Those popping sounds you hear aren’t light bulbs breaking as they hit the frozen surface of Lake Wobegon. Instead, that sound comes from political heads exploding in the Democratic Media Complex. Because liberal Democratic Sen. Al Franken of Minnesota was exposed, completely, for what he really is by West Coast radio news anchor Leeann Tweeden. What does this mean for Franken’s future?
There’s that photo of Franken smiling and grabbing at her breasts as Tweeden, a former model, slept on the way home from a USO tour in 2006. Franken leered and posed, fingers spread on her, like some cartoon of a sex-crazed sixth grade boy.
“You knew exactly what you were doing,” Tweeden wrote in an online post. “You forcibly kissed me without my consent, grabbed my breasts while I was sleeping, and had someone take a photo of you doing it, knowing I would see it later, and be ashamed.”
And just like that, the Democratic strategy to politicize sexual abuse and use it to beat Republicans to death at the polls must undergo a drastic rewrite.
So what do they do? Do they demand that Franken resign?
Franken and Democratic and Republican leaders want to send all this to the Senate Ethics Committee for an investigation. But there it will be lost in dusty vaults away from public scrutiny.
We already know what happened. An ethics committee investigation won’t tell us what happened. The only question is: What are Democrats going to do about it?
Franken apologized, says he’s sorry, says he respects women. But if he truly means it, there’s one thing for him to do: Resign immediately, disappear out into the woods.
It’s exactly what I recommended for the repugnant Alabama Republican senatorial candidate Roy Moore: Take a long walk in the woods and disappear.
Republican senators want Moore to drop out of the race. But will Democrats demand en masse that Franken resign? No. They’ll want to study this, and spin it somehow, and mitigate differences between Franken and Moore, the former a simple creep, the latter accused of sexually assaulting a 14-year-old girl. But all that is just playing for time.
And what will the media half of the Democratic Media Complex do?
Years ago many of them, particularly liberal pundits in Washington and New York, defended President Bill Clinton’s alleged assaults on women and dismissed allegations that he raped Juanita Broaddrick.
Leading feminists and liberal men trashed Clinton’s female accusers, because Clinton was their guy and he promised them what they wanted.
And what did a few women from Arkansas matter to the elite feminists of Washington and New York and Chicago and L.A. who were willing to forgive Clinton in exchange for a prize?
After all, Clinton was president. He promised he’d protect abortion. And they got what they wanted.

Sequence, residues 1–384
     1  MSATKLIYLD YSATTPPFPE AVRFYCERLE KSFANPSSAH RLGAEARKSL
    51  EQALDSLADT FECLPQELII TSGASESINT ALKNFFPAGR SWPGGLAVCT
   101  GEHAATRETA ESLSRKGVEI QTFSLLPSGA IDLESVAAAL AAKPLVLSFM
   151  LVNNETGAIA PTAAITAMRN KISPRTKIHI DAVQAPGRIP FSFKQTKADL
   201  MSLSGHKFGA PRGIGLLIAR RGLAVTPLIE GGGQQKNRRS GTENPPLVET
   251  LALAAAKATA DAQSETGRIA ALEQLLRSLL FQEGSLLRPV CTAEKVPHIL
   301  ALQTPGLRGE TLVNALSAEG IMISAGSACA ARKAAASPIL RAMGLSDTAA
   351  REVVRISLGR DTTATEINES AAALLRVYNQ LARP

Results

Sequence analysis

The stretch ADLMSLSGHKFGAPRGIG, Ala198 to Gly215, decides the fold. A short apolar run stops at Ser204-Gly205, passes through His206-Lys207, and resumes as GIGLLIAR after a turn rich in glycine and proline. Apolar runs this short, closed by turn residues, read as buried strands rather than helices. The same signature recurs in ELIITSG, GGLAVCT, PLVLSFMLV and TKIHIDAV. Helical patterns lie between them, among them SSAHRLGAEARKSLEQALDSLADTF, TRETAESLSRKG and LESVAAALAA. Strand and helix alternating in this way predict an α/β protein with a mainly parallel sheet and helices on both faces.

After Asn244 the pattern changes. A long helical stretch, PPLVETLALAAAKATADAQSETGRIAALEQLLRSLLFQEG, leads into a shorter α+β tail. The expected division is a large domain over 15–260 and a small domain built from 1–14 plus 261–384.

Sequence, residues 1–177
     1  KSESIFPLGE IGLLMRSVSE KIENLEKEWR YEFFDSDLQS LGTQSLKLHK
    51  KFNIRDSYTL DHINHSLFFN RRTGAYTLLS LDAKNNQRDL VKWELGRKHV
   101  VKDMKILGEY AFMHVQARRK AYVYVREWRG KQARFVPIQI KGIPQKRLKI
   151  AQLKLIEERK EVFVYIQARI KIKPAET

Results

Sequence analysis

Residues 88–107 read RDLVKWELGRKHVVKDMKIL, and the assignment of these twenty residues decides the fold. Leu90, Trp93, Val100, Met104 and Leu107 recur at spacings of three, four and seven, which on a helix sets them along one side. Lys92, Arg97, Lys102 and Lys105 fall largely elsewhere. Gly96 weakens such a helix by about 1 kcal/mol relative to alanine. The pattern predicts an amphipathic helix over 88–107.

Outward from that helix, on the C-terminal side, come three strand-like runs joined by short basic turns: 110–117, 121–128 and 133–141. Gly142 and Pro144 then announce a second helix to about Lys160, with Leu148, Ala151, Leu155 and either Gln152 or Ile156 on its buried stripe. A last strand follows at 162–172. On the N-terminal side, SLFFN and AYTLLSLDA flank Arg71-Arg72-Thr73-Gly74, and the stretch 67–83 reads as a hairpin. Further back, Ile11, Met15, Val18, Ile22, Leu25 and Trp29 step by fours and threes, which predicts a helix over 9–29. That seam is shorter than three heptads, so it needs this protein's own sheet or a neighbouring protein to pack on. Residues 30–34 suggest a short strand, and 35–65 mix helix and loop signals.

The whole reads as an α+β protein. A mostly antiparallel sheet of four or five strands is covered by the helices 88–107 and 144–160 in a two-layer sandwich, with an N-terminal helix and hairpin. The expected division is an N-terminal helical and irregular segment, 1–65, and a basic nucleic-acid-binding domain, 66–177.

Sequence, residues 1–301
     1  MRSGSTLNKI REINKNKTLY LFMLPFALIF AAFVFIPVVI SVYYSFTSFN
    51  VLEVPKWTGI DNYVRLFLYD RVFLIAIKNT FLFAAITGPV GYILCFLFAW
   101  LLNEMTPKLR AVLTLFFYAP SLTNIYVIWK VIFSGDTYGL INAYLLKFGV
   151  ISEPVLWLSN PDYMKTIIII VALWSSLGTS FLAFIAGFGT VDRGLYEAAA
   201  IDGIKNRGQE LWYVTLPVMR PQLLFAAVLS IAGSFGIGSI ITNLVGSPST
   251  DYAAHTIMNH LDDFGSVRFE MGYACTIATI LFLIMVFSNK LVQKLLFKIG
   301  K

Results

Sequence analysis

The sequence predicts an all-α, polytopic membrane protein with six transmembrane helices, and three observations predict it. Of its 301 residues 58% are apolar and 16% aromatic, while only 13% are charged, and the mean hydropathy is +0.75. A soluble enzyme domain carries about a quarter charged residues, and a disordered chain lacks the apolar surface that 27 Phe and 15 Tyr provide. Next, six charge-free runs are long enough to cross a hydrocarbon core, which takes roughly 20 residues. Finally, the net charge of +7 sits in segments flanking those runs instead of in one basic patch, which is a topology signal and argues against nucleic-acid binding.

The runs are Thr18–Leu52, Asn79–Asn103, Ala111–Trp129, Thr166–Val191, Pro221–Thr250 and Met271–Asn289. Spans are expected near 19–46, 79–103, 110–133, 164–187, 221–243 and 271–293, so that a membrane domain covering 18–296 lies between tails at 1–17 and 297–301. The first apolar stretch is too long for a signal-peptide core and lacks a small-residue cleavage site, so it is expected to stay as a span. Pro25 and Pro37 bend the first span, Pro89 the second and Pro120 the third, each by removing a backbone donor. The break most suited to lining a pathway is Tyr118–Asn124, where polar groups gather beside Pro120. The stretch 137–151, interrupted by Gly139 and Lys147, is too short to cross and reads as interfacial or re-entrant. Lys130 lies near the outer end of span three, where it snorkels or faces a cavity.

In recent days, though, as many on the left and right peeled (and rightfully so) the skin off creepy Roy Moore, an amazing thing has happened.
Pundits on the left began to wring their hands and confess their guilt about what they did to Clinton’s accusers.
It all rings hollow, of course, but there’s a good reason that it rings hollow.
It is hollow.
But without the icy tears of calculated contrition, they couldn’t proceed on the Democratic action plan.
Now the Franken explosion complicates that strategy, which only a few days ago was quite clear: Hound Moore as a monster, cast Republicans as either abusers of women or supporters of sexual abuse, and shame them, shame them, shame them.
And forge all of it into another Year of the Woman campaign to be used ultimately against President Donald Trump, whose history with women is ugly and boorish at best.
But now, that strategy – smelting gender identity politics with the real pain women have suffered at the hands of men – has been undercut.
And anything less than Franken’s departure from the Senate will be seen as just more political hypocrisy.
Tweeden, now news anchor on “McIntyire in the Morning” on KABC-AM in Los Angeles, posted her account and then talked at length about it.
She detailed Franken’s behavior, his grabbing and groping and aggressive kiss – actually more than just a “kiss,” during a USO tour before he was elected to the Senate, before he was a champion of women.
“Franken came at me, put his hand on the back of my head, mashed his lips against mine and . . . [we won’t recount the exact words here],” Tweeden wrote. “I walked away. All I could think about was getting to a bathroom as fast as possible. I felt disgusted and violated.”
Other women might come forward, accusing both Republicans and Democrats. Let it all come out. All of it.
This is what happens when the levee breaks.
And Franken, a comedian by trade, must realize that with the photo out there, with another accuser, it just might be time for him to exit stage left.
I can see him walking alone along the frozen banks of Lake Wobegon, laughing at his own jokes.
About the Author
John Kass is a writer for the Chicago Tribune.